I’m a bit late to the party with this review.
I met Allyson (and acquired this collection) at a ghost story reading she organised just before Halloween last year, in a pub on the edge of the Yorkshire moors. I’d dipped into it a couple of times last winter, but then the book disappeared into one of the many teetering stacks that decorate this house and I only rediscovered it the other day. I’m glad I did.
The author has an honest love for the written word and the genre, and this passion certainly comes across in Bull Running for Girls. The writing is subtle, gentle; it doesn’t leap out and grab you like the prose of some of my favourite genre writers such as Gary McMahon or Poppy Z. Brite, but perhaps here lies its strength. The characters and moods carry the tales, and there’s a quiet, modest wisdom that kept me coming back for more.
“The Caul Bearer” opens the collection: a Lovecraftian tale of horror by the sea. The rich imagery and mournful atmosphere are never turgid – as Lovecraft himself could be – and the tale contains a genuine shock, affirming from the off that the author isn’t afraid to tell a story.
Another favourite is “Hunter’s Moon” in which a woman tormented by memories of a terrible housefire escapes to rural France, but discovers that the past – both her own and that of others – won’t leave her alone. This is the story that Allyson read on that misty night almost a year ago, and while she has a very pleasant reading voice, at the time I wasn’t overly impressed. I think the switching tense caused confusion in spoken-word form – perhaps it wasn’t the best choice – but on the page, it’s a powerful tale, and very real, despite the presence of the supernatural.
“Shadow upon Shadow” is a dark nightmare of a ghost story in which a troubled woman having an affair faces an occult evil. It has a brilliant climax, short and understated, as it lets the action speak for itself.
“The Bone Grinder” introduces a budget hotel worker who realises that some of her female colleagues – cheap labour from Eastern-Europe – seem to be disappearing in sinister circumstances. It’s compulsive reading, with a grim theme of how economically disposable human life can be regarded.
A change in tone comes with “The Shy Boy Bar and Eatery” in which we meet a couple of visitors to the establishment of the title; a pirate-themed restaurant on the North Carolina shores. I detected an uneasy atmosphere from the outset, and was prepared for a ghastly descent, but it turns out to be one of the more light-hearted and fun tales.
“The Critic” opens with a magic circle of vampires discussing undead cinema, but the humourous gambit soon makes way for real darkness as the protagonist – a man plagued with grisly visions – is drawn into their undead microcosm. “Wings of Night” immediately follows – another tale of predatory desire – in which a dissatisfied and promiscuous theatre usher searching for identity accidentally discovers a taste for murder.
I particularly enjoyed “In a Pig’s Ear”, a tale of science and evolution. A future scientist bears a son, the product of her own laboratory tinkering, with fascinating consequences. An adept piece of speculative fiction, this is one of those stories that makes you smile with the outrageous possibility of it all.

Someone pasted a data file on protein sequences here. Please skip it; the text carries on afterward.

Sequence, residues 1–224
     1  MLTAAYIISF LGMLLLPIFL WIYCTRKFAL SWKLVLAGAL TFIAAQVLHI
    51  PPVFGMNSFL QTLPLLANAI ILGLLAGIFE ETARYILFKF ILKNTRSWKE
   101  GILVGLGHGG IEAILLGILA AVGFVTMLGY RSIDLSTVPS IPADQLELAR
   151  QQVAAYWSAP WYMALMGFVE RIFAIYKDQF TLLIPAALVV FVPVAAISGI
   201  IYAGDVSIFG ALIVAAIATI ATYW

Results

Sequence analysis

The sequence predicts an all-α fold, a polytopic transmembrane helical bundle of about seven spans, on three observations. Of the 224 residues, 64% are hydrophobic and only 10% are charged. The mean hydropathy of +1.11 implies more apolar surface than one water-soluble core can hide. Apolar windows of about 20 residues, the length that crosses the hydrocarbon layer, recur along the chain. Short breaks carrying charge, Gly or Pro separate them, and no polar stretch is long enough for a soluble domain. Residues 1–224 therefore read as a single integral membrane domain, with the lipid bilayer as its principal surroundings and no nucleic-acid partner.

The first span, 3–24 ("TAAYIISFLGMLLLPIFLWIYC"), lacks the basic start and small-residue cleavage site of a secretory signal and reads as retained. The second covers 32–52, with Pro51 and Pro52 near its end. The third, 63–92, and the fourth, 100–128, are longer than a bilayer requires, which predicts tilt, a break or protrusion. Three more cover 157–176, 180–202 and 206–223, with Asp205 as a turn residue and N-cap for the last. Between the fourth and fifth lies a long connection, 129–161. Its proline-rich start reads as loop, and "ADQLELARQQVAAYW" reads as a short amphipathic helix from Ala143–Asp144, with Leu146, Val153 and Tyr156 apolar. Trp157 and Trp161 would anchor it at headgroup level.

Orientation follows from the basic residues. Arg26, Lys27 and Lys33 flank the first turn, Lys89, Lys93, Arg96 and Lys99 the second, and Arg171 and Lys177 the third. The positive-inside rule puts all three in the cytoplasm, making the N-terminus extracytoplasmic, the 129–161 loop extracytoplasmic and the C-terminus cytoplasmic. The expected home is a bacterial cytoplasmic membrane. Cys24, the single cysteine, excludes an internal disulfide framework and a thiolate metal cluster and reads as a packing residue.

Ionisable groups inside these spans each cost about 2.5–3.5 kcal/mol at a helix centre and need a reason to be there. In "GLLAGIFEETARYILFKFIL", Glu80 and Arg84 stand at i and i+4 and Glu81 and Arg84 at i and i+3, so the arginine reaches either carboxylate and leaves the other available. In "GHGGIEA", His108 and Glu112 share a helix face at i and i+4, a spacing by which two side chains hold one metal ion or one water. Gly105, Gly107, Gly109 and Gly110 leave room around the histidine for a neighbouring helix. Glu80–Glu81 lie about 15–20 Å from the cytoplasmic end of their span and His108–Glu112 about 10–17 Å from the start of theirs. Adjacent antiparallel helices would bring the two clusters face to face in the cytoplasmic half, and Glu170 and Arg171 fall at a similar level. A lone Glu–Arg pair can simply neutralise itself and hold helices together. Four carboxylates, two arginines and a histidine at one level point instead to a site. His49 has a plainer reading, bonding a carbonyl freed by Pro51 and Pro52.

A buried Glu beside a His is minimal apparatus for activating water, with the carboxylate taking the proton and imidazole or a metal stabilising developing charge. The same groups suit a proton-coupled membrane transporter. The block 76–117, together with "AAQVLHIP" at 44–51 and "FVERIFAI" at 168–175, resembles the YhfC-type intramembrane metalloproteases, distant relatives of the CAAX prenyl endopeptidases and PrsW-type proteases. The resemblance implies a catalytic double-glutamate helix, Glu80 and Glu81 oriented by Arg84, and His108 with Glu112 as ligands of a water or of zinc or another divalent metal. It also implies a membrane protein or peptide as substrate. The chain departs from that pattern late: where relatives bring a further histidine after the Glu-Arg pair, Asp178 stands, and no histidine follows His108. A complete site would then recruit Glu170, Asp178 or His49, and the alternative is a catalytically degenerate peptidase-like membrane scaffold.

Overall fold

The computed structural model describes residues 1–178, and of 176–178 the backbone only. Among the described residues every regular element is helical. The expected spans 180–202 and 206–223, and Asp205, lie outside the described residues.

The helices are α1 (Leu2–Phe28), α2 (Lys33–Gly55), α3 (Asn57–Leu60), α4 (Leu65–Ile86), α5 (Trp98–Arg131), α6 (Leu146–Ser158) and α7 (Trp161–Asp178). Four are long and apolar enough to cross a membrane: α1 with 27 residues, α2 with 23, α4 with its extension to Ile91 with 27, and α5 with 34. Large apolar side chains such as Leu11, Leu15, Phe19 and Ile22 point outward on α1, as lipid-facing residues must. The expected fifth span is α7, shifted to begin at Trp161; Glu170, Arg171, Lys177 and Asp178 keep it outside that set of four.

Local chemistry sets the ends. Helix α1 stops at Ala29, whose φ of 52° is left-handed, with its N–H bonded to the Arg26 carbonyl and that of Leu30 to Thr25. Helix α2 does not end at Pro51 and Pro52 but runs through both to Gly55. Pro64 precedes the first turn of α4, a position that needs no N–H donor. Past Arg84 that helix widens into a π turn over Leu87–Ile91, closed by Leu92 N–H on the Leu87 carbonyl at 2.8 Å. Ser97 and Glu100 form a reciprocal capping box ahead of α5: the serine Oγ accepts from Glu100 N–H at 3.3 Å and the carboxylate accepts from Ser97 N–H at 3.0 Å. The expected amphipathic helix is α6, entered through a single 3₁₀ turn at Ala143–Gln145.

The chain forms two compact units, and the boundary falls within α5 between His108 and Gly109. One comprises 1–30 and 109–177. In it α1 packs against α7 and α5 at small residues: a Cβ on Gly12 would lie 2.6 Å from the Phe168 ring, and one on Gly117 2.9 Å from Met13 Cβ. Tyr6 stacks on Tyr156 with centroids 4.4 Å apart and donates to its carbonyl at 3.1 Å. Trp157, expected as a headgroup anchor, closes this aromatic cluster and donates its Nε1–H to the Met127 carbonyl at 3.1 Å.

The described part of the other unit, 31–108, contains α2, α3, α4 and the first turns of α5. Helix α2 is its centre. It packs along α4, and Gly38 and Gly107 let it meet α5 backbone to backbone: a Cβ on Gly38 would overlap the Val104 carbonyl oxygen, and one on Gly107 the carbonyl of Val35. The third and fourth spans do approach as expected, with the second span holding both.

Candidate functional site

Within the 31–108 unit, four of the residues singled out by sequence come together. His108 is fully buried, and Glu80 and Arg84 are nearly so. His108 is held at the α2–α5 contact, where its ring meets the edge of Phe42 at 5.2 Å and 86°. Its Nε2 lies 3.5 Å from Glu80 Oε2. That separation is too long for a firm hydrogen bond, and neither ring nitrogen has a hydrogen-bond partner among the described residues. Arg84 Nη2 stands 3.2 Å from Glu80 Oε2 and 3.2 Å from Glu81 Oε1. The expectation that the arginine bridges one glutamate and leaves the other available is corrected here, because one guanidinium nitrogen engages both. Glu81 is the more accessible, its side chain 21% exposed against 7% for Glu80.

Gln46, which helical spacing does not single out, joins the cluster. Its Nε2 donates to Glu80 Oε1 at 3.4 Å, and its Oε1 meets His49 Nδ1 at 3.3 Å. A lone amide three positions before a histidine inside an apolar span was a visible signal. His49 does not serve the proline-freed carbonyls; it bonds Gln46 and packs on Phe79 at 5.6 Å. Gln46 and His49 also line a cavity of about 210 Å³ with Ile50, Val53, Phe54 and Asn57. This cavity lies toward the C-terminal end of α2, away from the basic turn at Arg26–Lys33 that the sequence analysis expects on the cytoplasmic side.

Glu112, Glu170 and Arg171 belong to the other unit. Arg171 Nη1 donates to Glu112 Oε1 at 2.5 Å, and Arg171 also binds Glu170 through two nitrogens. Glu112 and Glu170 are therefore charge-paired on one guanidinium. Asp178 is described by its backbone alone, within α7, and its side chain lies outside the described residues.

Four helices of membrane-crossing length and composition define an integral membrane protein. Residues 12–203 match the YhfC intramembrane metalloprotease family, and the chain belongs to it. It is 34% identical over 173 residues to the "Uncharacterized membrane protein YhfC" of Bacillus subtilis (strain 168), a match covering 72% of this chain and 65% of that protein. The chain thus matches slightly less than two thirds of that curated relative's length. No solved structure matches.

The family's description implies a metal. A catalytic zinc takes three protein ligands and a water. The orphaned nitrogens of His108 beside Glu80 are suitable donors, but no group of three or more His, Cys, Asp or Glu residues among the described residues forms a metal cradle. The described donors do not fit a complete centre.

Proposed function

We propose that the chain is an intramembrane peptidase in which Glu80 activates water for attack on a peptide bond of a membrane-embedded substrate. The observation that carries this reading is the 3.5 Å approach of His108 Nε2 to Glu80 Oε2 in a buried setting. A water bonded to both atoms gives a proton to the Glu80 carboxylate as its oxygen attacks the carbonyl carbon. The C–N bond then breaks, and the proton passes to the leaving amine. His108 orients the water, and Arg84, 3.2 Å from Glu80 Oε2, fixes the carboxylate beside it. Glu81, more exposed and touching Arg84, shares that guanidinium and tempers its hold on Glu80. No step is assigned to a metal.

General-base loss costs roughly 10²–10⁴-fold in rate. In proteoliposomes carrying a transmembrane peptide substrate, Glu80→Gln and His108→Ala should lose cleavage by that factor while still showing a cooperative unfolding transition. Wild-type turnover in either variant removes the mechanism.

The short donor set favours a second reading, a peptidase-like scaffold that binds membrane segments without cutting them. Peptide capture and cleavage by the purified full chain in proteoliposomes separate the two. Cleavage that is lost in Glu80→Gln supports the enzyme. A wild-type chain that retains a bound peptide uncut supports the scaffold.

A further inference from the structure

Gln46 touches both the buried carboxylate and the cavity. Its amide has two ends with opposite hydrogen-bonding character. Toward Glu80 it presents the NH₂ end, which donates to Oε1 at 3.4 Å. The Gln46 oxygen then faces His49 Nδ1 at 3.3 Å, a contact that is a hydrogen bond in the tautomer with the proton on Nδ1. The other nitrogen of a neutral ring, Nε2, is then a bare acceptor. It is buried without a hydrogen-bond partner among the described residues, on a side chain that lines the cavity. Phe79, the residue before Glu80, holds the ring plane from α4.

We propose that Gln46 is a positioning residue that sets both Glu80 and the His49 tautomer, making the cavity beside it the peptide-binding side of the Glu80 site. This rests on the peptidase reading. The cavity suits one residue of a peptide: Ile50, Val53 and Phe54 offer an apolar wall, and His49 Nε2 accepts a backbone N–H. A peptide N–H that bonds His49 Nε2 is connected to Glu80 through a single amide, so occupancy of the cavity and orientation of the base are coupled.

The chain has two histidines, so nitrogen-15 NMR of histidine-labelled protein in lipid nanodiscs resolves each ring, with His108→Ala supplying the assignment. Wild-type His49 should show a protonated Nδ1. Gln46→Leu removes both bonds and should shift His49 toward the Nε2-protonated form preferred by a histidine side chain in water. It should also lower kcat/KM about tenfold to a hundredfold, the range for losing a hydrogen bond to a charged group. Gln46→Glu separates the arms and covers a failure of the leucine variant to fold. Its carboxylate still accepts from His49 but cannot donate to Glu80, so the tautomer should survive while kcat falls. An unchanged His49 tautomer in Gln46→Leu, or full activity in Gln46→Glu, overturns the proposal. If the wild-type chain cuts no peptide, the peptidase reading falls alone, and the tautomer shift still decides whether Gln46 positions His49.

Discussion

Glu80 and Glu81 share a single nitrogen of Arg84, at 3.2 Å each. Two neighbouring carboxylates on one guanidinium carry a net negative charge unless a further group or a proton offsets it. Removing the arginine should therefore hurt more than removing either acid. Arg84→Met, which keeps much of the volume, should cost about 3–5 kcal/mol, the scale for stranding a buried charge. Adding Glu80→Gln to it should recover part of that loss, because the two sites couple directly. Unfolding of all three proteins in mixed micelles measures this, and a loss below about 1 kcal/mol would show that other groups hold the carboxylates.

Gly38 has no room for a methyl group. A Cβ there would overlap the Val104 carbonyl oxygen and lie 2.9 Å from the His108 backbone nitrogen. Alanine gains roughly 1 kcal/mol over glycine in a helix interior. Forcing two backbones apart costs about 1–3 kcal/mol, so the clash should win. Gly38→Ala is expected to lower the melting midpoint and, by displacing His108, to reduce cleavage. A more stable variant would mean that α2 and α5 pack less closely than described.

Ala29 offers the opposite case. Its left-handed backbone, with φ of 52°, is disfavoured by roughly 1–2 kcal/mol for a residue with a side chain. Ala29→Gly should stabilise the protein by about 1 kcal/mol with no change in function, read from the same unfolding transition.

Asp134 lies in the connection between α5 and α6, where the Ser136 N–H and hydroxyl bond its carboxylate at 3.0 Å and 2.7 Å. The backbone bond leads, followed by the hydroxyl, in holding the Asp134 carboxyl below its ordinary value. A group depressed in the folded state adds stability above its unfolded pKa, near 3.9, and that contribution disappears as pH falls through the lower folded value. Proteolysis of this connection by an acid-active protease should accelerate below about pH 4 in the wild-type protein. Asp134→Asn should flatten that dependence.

Also playing with some alternative rules of evolution is “Blood in Madness Ran”, although rather than the future, here we’re back in time and surrounded by Roman Gods and monsters. It’s fast-paced, brutal and full of colourful imagery – like any self-respecting mythology – and the climactic revelation is a joy.
Being a sucker for laughs in horror, “Silence is Golden” is a definite favourite. A widower, struggling to follow his dead wife’s instructions for her funeral, discovers that she will not lie down and rest. Dripping with gallows humour from both the characters and the author, this story has the feel of an old-fashioned farce.
The book is billed as “adventure-horror”, an interesting label that seems perfectly appropriate. In addition to an impressive timeline – this collection spans from ancient times to SF futures – there’s a real international flavour. We visit Hong Kong, France, Spain, China, Pompeii amongst others, and the evocation of these locations suggests that the author is well-travelled, a dedicated researcher or simply has a great imagination. Possibly all three. I was also pleased to discover that “Bull Running for Girls” doesn’t just refer to the title story, picked for its catchy hook, but a metaphor that is present throughout.
It’s not a perfect collection. There’s a couple of weaker stories and it perhaps needed a polish, but there’s a pleasing order to the tales – the triumphs and lows are carefully measured – making it work as a complete reading experience rather than just a coffee-table browser. Allyson Bird has a great eye for detail and understands the small touches that inject reality into a story. It’s a book with genuine heart and feeling – something that can be missing from contemporary horror – and I look forward to what her future craft will bring.
-Edited to add that I’ve just heard this book won “Best Collection” last night at the British Fantasy Society’s awards ceremony at Fantasycon, 2009.